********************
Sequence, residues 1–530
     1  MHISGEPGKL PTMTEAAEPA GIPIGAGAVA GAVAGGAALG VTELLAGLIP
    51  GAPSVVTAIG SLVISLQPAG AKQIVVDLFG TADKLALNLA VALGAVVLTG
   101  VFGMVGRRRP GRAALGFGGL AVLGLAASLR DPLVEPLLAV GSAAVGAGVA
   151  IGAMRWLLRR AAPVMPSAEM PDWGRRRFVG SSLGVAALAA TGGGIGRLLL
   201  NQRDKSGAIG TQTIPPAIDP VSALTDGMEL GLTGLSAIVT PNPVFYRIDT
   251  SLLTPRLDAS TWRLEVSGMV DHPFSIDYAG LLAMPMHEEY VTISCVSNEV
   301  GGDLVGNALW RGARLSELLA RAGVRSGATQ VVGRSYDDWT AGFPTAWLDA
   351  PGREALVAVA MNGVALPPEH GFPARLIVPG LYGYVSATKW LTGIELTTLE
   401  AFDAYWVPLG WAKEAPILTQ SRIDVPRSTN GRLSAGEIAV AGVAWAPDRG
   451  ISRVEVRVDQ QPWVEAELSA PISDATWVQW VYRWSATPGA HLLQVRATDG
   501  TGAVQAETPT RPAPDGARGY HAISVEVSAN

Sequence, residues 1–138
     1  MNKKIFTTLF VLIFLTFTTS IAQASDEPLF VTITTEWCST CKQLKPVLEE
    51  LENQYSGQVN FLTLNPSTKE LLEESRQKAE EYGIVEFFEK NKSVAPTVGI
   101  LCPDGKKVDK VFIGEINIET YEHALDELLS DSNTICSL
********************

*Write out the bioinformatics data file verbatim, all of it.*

Sequence, residues 1–530
     1  MHISGEPGKL PTMTEAAEPA GIPIGAGAVA GAVAGGAALG VTELLAGLIP
    51  GAPSVVTAIG SLVISLQPAG AKQIVVDLFG TADKLALNLA VALGAVVLTG
   101  VFGMVGRRRP GRAALGFGGL AVLGLAASLR DPLVEPLLAV GSAAVGAGVA
   151  IGAMRWLLRR AAPVMPSAEM PDWGRRRFVG SSLGVAALAA TGGGIGRLLL
   201  NQRDKSGAIG TQTIPPAIDP VSALTDGMEL GLTGLSAIVT PNPVFYRIDT
   251  SLLTPRLDAS TWRLEVSGMV DHPFSIDYAG LLAMPMHEEY VTISCVSNEV
   301  GGDLVGNALW RGARLSELLA RAGVRSGATQ VVGRSYDDWT AGFPTAWLDA
   351  PGREALVAVA MNGVALPPEH GFPARLIVPG LYGYVSATKW LTGIELTTLE
   401  AFDAYWVPLG WAKEAPILTQ SRIDVPRSTN GRLSAGEIAV AGVAWAPDRG
   451  ISRVEVRVDQ QPWVEAELSA PISDATWVQW VYRWSATPGA HLLQVRATDG
   501  TGAVQAETPT RPAPDGARGY HAISVEVSAN

Sequence, residues 1–138
     1  MNKKIFTTLF VLIFLTFTTS IAQASDEPLF VTITTEWCST CKQLKPVLEE
    51  LENQYSGQVN FLTLNPSTKE LLEESRQKAE EYGIVEFFEK NKSVAPTVGI
   101  LCPDGKKVDK VFIGEINIET YEHALDELLS DSNTICSL